The study by Stein et al previously described also assessed the orthotic and therapeutic effects of NMES in 32 patients with progressive foot drop (31 MS and one familial spastic paresis).(27) With the stimulator on compared with off (orthotic effect), walking speed improved by 2% for a figure -8 test and 4% for a 10-meter test. With the stimulator off (therapeutic effect), walking speed at 3 months had improved by 9% for a figure -8 test and 5% for a 10-meter test when compared with baseline. The combined improvement in walking speed over the three months was 13% for the figure 8 (0.61 vs 0.53 m/s) and 13% for the ten meter test (0.88 vs 0.78 m/s, both respectively). The 20 subjects (63%) who returned for testing at eleven months did not show continued improvement when compared with 3-month test results, with a combined (orthotic and therapeutic) improvement of 13% on the figure 8 (0.62 vs 0.55 m/s) and 10% on the 10-meter test (0.86 vs 0.78 m/s, both respectively) compared with baseline. The PCI was not significantly improved (0.73 vs 0.78 beats/min, respectively). Subjects with nonprogressive foot drop used the device for an average 85% of days, 9.2 hours per day, and walked about 2 km/day.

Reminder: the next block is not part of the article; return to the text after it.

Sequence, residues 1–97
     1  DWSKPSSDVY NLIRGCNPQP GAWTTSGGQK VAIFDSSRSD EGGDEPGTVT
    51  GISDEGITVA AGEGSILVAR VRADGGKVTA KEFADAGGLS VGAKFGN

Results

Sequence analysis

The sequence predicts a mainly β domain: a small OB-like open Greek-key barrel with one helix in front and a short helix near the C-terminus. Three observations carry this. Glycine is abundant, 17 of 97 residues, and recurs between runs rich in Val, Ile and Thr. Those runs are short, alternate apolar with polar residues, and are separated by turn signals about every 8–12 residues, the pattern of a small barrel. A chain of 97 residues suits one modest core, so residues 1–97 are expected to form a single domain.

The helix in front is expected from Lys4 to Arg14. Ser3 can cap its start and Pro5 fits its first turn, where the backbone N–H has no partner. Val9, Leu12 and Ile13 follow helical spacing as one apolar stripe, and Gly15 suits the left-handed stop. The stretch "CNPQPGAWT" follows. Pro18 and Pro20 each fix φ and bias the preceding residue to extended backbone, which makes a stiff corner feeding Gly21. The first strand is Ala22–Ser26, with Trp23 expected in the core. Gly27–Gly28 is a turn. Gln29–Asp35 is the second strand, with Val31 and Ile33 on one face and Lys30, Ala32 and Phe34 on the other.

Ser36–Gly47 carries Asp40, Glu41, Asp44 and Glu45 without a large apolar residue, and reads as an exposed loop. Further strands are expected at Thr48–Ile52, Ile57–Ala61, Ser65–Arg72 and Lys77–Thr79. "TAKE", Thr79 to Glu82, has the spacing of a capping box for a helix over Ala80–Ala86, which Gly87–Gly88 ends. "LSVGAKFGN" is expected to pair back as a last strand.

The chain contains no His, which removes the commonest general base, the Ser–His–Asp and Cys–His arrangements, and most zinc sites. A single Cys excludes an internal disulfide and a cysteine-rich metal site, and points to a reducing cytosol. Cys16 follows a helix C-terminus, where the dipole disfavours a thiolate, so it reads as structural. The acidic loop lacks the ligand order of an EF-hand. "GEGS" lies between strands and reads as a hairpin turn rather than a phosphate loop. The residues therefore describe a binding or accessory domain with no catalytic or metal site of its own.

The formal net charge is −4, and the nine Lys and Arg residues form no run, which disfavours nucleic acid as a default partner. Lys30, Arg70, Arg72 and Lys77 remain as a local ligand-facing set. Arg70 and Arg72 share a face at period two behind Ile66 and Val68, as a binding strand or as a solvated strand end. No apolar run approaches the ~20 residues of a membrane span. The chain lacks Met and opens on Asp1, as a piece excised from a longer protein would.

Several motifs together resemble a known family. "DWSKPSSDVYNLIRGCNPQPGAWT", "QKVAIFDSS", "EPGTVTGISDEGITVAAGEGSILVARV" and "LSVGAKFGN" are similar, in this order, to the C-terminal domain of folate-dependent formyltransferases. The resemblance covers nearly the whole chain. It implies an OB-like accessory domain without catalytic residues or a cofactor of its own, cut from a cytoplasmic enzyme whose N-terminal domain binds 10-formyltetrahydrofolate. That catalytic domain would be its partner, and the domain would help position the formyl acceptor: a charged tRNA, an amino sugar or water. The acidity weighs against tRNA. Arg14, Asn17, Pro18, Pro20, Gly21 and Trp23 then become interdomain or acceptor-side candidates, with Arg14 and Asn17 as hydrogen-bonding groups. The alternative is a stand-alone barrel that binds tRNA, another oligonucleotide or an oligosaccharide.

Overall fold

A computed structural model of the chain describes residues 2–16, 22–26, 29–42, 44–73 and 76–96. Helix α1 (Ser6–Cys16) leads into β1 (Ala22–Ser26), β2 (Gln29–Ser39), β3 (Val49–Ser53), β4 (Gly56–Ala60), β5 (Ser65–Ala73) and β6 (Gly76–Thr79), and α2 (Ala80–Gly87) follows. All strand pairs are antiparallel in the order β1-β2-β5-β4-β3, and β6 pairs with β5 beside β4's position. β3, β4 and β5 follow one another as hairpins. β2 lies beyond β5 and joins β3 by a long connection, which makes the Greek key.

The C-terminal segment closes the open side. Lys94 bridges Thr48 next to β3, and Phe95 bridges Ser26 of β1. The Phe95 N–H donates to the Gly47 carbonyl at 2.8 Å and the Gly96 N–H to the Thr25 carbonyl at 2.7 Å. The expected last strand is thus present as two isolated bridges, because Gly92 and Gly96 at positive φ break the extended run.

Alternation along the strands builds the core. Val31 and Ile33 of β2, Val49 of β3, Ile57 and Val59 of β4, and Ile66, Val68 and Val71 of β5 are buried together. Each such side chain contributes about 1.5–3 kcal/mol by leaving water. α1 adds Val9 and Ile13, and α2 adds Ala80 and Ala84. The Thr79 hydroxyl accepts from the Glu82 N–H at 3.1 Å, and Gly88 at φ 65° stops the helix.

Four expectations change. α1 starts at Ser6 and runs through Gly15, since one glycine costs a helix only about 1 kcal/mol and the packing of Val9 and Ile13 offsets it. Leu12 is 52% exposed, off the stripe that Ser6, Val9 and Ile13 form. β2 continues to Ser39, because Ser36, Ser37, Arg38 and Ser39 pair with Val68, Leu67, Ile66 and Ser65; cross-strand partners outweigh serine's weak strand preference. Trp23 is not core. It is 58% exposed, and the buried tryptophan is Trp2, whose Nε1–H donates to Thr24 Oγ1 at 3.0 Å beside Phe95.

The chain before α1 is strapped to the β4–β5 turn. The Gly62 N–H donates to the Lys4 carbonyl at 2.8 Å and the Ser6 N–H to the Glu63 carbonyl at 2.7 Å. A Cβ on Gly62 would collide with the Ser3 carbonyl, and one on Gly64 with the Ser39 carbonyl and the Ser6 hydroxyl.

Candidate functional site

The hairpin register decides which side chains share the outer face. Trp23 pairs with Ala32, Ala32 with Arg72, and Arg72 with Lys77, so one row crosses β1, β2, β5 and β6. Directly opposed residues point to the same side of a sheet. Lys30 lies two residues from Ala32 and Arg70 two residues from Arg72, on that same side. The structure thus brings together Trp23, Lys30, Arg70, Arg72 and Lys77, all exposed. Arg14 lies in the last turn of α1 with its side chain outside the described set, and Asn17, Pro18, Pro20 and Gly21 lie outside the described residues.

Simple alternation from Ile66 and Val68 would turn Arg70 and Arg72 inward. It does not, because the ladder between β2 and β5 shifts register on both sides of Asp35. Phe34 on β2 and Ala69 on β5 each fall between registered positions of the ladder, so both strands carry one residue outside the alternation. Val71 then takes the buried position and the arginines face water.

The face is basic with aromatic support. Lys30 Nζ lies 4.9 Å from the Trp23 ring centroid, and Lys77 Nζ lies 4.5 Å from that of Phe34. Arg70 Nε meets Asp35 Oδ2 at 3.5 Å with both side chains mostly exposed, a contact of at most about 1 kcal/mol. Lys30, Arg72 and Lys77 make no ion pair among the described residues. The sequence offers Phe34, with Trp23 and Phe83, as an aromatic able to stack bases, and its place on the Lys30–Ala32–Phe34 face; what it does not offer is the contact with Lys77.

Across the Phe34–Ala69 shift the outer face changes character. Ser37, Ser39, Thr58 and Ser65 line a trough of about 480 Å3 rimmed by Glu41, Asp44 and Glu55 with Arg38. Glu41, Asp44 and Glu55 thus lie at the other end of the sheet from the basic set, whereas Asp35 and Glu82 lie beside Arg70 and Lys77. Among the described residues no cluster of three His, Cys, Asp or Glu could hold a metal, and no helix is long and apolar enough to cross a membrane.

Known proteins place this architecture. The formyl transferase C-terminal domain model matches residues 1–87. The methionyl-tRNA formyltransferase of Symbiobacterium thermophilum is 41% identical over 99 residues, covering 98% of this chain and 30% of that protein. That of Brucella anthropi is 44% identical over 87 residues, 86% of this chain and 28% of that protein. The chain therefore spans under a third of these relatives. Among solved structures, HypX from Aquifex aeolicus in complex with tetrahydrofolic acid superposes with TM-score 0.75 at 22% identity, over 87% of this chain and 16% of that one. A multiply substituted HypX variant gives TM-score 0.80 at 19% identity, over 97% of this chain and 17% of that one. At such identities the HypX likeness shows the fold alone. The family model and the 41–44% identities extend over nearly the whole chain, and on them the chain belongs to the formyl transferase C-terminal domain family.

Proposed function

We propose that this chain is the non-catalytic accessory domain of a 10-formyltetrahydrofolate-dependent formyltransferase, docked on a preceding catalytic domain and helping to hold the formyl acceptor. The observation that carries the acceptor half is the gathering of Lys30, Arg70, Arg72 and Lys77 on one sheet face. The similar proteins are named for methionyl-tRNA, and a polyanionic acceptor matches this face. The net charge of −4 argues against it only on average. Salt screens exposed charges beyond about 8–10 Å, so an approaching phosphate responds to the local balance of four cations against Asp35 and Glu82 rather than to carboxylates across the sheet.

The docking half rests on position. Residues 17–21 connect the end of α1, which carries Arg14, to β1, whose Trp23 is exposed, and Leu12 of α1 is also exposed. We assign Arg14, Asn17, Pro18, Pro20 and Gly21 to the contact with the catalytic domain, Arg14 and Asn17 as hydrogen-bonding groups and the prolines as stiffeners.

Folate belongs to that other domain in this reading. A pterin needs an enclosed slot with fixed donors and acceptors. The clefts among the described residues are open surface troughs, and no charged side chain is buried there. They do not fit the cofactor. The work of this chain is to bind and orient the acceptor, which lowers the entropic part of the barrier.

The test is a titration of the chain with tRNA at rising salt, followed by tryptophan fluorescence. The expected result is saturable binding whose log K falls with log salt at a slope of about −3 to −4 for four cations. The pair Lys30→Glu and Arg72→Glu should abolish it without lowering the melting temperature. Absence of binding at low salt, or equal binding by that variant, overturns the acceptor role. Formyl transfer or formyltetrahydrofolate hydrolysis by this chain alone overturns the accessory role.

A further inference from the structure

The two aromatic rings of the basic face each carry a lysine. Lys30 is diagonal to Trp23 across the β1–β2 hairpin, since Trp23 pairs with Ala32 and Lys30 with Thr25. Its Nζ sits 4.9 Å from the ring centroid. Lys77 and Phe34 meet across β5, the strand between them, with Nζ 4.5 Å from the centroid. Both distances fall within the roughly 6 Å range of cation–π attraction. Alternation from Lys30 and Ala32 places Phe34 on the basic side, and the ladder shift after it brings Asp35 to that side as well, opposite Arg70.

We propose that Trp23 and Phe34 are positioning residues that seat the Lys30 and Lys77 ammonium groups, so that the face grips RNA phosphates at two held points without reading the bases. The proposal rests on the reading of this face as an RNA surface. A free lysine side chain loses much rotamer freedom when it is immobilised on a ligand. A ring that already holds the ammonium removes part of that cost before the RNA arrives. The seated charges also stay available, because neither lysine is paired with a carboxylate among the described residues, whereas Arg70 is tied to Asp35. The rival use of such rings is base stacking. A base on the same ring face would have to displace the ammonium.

Cauraugh et al. conducted a 2010 meta-analysis of seventeen studies on NMES and gait in children with cerebral palsy. (31) Fourteen of the studies used a pretest-post-test, within-subjects design. A total of 238 participants had NMES. Included were studies on acute NMES, functional NMES and therapeutic NMES (continuous subthreshold stimulation). Five of the studies examined functional NMES, and 1 of these studies examined percutaneous NMES. There were 3 outcome measures for impairment; range of motion, torque/movement, and strength/force. There were 6 different outcome measures for activity limitations; gross motor functions, gait parameters, hopping on one foot, six minute walk, Leg Ability Index, and Gillette gait index. Moderate effect sizes were found for impairment (0.616) and activity limitations (0.635). The systematic review is limited by a lack of blinding in the included studies and the heterogeneity of outcome measures. The review did not describe if any of the included studies used a commercially available device.